played and all action is both intentional and unintentional). There is one major difference between
both discs. On the first one there is something to be heard throughout the entire hour, quiet as it
might be from time to time, but there is still something to be heard and there are various sound
events to be noted. On the second disc the music is cut up into various smaller bits, lasting from
a few seconds to a few minutes, following by irregular breaks of total silence. The start/stop play
delivers some nice surprises, as there might be a totally different sound when the music starts
again. Two approaches and both are about the way Dupleix and Christensen wants you to perceive
their music. This is quite an interesting release. (FdW)
––– Address: <>

CILANTRO - BORDERLAND (CD by Mikroton Recordings)
EASE - NO NO NO, NO (CD by Mikroton Recordings)
THE HOLY QUINTET - BOROUGH (CD by Mikroton Recordings)

From a bundle of no less than seven releases I picked these three for this week, and started with
the one that from the outside looked like something I never heard of. It turns out that Cilantro is
a (new?) duo of Angelica Castello (paetzold, ukulele, organ, tapes and electronics) and Billy Roisz
(electric bass, organ, TV, piezo, computer and electronics), both of them not totally unknown in
the world of improvised music and reviewed in these pages before. Not a very common list of
instruments here, I'd say, and what is perhaps also a bit different is the fact there are ten tracks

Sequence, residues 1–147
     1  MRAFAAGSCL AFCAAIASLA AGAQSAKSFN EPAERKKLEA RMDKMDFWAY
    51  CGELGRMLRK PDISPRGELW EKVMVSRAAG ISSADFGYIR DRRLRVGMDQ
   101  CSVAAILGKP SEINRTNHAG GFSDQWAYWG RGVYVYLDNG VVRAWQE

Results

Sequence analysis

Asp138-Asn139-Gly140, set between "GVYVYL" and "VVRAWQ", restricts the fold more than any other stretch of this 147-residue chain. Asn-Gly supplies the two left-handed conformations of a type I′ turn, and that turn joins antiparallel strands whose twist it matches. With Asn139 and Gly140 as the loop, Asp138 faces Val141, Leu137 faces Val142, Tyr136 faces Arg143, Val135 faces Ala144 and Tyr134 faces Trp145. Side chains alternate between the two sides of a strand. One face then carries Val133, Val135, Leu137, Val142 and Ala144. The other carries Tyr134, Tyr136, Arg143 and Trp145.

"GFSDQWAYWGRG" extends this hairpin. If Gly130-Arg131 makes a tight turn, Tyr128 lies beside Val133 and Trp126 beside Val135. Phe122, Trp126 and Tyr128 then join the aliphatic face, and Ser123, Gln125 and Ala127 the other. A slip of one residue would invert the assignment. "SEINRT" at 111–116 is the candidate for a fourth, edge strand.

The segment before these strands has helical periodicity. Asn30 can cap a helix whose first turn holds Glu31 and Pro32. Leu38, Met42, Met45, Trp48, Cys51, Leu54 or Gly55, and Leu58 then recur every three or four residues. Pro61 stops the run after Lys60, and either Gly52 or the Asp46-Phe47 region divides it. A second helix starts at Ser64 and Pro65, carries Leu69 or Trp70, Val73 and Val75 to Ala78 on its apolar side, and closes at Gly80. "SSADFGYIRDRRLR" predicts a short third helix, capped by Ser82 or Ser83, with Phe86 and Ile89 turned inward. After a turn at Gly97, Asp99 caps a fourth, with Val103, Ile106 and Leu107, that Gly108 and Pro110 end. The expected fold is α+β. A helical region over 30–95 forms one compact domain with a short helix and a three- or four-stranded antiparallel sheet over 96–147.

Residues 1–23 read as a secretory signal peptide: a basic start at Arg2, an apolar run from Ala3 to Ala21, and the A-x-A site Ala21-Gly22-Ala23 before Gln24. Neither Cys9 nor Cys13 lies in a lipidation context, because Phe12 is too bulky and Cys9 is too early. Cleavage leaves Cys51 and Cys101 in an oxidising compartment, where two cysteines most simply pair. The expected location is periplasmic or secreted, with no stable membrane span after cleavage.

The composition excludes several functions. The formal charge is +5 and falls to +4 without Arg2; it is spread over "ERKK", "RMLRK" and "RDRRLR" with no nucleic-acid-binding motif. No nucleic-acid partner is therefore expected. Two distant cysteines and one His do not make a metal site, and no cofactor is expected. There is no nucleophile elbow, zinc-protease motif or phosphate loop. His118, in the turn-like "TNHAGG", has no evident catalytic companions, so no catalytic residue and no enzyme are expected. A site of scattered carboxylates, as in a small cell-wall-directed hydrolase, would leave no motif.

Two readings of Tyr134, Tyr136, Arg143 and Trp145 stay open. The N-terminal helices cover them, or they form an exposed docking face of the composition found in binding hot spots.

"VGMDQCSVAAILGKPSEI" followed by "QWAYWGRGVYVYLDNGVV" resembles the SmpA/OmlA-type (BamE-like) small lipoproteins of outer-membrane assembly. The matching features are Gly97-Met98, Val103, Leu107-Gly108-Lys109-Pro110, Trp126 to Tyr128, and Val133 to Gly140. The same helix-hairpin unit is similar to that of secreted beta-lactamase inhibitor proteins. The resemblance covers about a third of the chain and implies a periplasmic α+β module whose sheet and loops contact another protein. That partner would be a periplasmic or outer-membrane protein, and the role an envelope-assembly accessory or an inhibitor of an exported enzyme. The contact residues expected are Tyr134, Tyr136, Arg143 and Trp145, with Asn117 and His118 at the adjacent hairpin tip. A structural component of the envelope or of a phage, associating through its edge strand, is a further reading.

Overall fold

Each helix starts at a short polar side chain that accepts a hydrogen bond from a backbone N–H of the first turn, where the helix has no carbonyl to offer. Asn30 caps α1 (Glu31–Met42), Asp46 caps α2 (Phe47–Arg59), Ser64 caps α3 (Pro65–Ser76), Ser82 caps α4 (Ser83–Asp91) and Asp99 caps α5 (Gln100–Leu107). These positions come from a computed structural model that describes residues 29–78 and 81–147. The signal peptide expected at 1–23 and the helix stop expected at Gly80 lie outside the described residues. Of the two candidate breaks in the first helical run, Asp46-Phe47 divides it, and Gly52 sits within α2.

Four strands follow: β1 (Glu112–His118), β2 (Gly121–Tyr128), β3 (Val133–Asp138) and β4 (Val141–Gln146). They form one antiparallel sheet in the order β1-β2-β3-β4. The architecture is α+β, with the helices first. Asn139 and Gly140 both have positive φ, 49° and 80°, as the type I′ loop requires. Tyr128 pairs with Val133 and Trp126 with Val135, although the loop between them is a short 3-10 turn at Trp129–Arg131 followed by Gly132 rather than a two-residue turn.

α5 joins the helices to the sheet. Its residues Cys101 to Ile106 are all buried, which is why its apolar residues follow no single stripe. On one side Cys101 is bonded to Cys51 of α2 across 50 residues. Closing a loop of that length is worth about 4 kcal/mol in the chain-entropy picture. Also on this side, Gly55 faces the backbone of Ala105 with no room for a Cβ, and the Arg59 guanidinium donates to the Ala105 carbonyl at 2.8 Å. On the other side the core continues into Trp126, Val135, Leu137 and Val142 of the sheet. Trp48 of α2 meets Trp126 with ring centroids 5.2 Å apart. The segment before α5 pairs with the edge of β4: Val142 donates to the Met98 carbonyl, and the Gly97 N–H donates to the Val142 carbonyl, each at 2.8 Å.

here, ranging from just a minute to almost twelve. Much of what Mikroton releases, if not all,
deals with improvised music and as such I guess Cilantro fits that as well, but somehow, somewhere
this also sounds a bit different. Surely much of the material is made through various sessions of
improvising together, but I should think Cilantro is also attempting to incorporate more song like
structures. This is not your usual hit, scratch and pluck (to say it impolitely) music, but attempting
to find a drone, a repeating bass, loops of sound returning, a bit of noise thrown in, some samples
being and obviously, no, this is never 'pop music' in anyway a bigger audience would understand,
but it is all of these small things combined that makes this quite a wonderful and highly surprising
release. Very much thought out and planned, and executed with great care, and this is just an
excellent release.
    Ease sounded also new and perhaps they are for me. It is a duo of Klaus Filip and Noid, who
both get credit for playing 'ppooll', which is something Filip created in max/msp (check out the
Cycling 74 website for this), and one could say this is Ease is a laptop duo. Two pieces here, one
recorded in 2014 in St. Petersburg and one in 2015 in Vienna, together almost an hour worth of
music. This is perhaps exactly the kind of thing that you would expect from two laptops, armed
with software to process and alter sounds on the spot. Ranging from the very quiet, nearly
inaudible sound, via mid to high piercing sounds and a menacing low bass from time to time. A
typical concert by Ease seems to be moving all of these different points of reference, filtering sine
waves, crackles, field recordings and such like, in slowly fading parts that works very well in a sort
of ambient way (but not really ambient of course). It's fine music, nothing great or spectacular
and maybe to stand out these days, that might not be enough.
    I am not sure if The Holy Quintet is an on-going concern or a one-off thing. The group consists
of Johnny Chang (viola), Jamie Drouin (suitcase modular and radio), Dominic Lash (double bass),